BACKGROUND OF THE INVENTION

Memory devices are conventionally provided as internal, semiconductor, integrated circuits in computers or other electronic devices. There are many different types of memory including random-access memory (RAM), read only memory (ROM), dynamic random access memory (DRAM), synchronous dynamic random access memory (SDRAM), and flash memory.

Flash memory devices have developed into a popular source of non-volatile memory for a wide range of electronic applications. Flash memory devices conventionally use a one-transistor memory cell that allows for high memory densities, high reliability, and low power consumption. Common uses for flash memory include portable audio/video storage devices, personal computers, personal digital assistants (PDAs), digital cameras, and cellular telephones.

As the performance and complexity of electronic systems increase, the requirement for additional memory in a system also increases. However, in order to continue to reduce the costs of the system, the parts count must be kept to a minimum. This can be accomplished by increasing the memory density of an integrated circuit.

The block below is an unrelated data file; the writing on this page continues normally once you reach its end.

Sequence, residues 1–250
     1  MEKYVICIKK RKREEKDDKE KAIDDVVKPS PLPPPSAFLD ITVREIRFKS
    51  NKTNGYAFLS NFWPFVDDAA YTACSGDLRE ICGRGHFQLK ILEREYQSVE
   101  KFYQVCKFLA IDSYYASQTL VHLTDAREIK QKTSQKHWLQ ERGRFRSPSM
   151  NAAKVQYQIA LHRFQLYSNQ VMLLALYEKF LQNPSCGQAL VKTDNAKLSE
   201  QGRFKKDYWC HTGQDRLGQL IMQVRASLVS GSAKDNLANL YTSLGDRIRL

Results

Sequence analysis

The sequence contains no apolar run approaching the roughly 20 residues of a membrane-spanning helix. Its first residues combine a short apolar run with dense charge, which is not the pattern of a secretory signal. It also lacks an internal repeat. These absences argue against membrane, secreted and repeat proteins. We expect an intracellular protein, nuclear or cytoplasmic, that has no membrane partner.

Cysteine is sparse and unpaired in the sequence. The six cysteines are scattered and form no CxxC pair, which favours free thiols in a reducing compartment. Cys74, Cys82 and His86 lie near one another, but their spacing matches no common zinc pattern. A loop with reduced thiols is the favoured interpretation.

One way to increase memory density is to use multi-level cell (MLC) non-volatile memory. This method stores two or more data bits in each memory cell. One problem with conventional MLC non-volatile memory is that subsequent programming of additional data can cause a program disturb condition that can program bits that are not desired to be programmed or create errors in already programmed bits. This is caused by placing a large programming voltage on a wordline that is shared by other cells that have either not been programmed or have already been programmed.

For the reasons stated above, and for other reasons stated below which will become apparent to those skilled in the art upon reading and understanding the present specification, there is a need in the art for reducing errors when programming MLC non-volatile memory cells.

BRIEF DESCRIPTION OF THE SEVERAL VIEWS OF THE DRAWINGS

FIG. 1 illustrates a simplified diagram of one embodiment for a semiconductor NAND flash memory array of the present invention.

FIGS. 2A and 2B illustrate a portion of an array of flash memory cells partitioned into pages, in accordance with various embodiments of the present invention.